Tuesday, 23 January, 2018

Saturn's Moon Enceladus Could Have Conditions for Life

Theresa Hayes | 20 April, 2017, 07:31

Water samples taken from an icy moon orbiting Saturn have indicated that it could support alien lifeforms, scientists have announced.

Results from the Cassini spacecraft showed Enceladus has chemical energy that indicates life.

They described their findings in the journal Science.

From these observations scientists have determined that almost 98 percent of the gas in the plume is water, about 1 percent is hydrogen and the rest is a mixture of other molecules, including carbon dioxide, methane and ammonia. Such emissions are seen as a key factor that likely spurred the development of life on Earth, because the gas combines with the carbon dioxide in water to provide metabolic energy.

The others? Carbon, nitrogen, oxygen, phosphorus and sulfur in an environment with liquid water and an energy source. This doesn't mean that there is life on Enceladus, but it is possible that some form of life exists there.

While it's not expected that NASA will announce any concrete evidence for extraterrestrial life, the agency has promised to reveal new information about our solar system's ocean worlds collected by the Hubble and soon-to-be-departed Cassini spacecrafts.

Writing in the journal Science, the USA team led by Dr Hunter Waite, from the Southwest Research Institute in San Antonio, Texas, concluded: "Our analysis supports the feasibility of methanogenesis as an energy-releasing process that can occur over a wide range of geochemical conditions plausible for Enceladus' ocean".

During Cassini's close flyby of Enceladus on October 28, 2015, INMS detected molecular hydrogen as the spacecraft flew through the plume of gas and ice grains spewing from cracks on the surface. The Cassini spacecraft wasn't created to detect life in Enceladus plume since the scientists didn't know that it existed until the spacecraft reached Saturn.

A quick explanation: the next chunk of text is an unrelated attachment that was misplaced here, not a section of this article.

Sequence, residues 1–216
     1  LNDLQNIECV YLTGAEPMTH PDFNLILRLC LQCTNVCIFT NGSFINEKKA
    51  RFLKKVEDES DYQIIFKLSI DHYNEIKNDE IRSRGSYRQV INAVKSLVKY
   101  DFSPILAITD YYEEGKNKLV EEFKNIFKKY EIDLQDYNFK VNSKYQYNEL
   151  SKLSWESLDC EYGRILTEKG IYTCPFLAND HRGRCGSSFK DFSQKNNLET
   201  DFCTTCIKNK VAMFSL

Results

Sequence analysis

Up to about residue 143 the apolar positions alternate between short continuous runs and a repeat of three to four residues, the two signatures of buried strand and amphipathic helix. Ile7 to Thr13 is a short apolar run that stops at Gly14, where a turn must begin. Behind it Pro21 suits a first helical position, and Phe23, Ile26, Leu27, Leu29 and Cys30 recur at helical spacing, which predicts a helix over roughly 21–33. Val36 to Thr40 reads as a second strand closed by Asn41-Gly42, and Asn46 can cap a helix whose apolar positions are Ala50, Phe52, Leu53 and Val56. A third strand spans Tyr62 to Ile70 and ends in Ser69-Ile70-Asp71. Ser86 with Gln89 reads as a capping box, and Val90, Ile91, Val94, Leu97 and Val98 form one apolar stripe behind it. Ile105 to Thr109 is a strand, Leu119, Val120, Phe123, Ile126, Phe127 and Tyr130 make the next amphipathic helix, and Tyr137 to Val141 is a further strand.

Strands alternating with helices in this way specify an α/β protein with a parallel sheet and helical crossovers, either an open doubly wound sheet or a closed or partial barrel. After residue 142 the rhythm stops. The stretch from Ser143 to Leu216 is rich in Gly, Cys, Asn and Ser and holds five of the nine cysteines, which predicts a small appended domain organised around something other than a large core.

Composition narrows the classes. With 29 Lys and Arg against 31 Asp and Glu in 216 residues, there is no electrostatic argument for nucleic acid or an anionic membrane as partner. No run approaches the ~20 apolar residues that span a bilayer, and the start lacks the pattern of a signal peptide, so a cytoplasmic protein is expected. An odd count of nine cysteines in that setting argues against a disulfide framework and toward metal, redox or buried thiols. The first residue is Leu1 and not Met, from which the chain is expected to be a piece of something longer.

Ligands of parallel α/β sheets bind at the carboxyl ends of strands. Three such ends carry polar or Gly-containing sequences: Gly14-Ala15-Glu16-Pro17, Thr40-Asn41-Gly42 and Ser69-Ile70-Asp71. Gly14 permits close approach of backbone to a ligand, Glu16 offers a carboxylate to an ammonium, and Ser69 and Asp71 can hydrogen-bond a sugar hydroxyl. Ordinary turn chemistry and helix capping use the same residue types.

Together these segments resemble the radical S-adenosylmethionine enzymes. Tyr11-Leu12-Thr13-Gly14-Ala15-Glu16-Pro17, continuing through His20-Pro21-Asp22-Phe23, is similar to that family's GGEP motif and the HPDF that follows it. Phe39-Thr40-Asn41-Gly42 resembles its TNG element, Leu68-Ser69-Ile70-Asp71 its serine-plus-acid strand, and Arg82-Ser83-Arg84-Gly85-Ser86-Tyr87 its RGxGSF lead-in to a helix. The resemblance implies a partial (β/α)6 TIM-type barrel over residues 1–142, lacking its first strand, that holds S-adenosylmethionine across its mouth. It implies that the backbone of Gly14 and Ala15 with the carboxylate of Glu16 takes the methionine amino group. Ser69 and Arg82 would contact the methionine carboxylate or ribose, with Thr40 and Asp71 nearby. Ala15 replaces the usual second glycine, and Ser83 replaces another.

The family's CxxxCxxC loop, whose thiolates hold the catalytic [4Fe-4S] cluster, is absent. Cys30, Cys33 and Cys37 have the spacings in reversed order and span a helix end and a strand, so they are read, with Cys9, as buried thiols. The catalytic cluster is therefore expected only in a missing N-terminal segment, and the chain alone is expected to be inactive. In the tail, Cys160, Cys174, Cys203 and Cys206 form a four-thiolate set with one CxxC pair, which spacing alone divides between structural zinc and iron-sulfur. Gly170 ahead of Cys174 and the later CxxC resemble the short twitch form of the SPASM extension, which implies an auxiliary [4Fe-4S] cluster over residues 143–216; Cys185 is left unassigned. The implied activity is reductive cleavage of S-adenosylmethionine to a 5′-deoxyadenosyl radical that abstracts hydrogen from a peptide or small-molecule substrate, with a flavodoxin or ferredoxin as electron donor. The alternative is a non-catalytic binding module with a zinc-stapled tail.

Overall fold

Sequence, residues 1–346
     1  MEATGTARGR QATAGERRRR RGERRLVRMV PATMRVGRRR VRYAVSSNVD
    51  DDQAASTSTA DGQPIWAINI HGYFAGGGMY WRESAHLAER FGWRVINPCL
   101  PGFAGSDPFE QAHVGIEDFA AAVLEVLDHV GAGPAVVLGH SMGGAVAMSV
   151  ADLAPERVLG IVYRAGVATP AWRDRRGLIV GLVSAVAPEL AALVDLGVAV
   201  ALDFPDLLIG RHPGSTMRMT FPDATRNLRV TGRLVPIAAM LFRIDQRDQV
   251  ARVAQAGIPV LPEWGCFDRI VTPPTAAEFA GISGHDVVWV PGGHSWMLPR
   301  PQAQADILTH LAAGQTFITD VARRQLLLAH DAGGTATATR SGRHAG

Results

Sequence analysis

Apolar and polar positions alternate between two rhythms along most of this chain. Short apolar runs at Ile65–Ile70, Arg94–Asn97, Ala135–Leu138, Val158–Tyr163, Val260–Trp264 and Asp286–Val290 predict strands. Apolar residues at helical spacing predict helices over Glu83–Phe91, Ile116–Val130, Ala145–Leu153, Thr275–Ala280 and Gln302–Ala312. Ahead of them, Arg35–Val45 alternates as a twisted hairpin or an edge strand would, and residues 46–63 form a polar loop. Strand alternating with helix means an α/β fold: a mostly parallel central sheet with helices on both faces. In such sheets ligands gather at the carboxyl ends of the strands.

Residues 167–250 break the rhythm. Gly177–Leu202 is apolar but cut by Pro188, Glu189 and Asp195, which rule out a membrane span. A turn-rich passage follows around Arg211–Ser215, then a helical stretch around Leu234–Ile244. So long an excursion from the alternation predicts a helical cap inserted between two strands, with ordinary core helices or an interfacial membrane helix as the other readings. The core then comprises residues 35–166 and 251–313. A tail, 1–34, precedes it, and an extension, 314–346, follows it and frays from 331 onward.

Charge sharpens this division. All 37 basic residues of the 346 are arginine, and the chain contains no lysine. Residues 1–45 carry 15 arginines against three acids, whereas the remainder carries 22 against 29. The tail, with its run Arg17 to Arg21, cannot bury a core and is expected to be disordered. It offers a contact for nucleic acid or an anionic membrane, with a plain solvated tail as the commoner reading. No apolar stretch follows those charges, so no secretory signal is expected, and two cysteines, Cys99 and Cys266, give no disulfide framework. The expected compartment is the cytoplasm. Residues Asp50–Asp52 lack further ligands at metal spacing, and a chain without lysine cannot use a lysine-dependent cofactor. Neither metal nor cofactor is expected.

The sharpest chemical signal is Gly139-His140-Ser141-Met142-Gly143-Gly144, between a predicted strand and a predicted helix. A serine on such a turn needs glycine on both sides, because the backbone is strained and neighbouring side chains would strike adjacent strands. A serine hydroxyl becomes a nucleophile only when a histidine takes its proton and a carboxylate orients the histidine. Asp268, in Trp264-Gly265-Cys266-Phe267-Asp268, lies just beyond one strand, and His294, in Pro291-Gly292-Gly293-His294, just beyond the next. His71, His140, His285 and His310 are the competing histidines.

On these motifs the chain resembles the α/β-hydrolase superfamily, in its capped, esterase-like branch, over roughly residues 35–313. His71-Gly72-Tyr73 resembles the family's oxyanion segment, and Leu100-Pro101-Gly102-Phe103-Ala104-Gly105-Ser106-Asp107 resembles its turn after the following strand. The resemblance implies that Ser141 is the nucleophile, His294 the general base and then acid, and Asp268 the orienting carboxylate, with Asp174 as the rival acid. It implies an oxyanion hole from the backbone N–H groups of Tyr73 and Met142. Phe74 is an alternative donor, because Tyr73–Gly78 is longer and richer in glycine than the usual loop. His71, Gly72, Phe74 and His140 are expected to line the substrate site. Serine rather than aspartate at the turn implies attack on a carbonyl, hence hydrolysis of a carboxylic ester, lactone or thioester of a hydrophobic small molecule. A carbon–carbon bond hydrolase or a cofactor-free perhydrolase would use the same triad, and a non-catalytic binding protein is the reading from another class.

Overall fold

Like Jupiter's moon Europa, Enceladus is believed to be surrounded by a global watery ocean covered by thick ice.

"We now know that Enceladus has nearly all of the ingredients that you would need to support life as we know it on Earth", she said at a NASA news conference.

The team says the moon has the sources needed for life, but what needs to be established is if it has enough time to evolve life.

"Most of us would be excited with any life", said Mary Voytek, an astrobiology senior scientist for NASA. "The plumes on Enceladus are associated with hotter regions, so after Hubble imaged this new plume-like feature on Europa, we looked at that location on the Galileo thermal map".

NASA is planning for a new mission known as the Europa Clipper mission, which is now slated for the early 2020s. "We re finding new environments", said James Green, NASA s Planetary Science Division Director.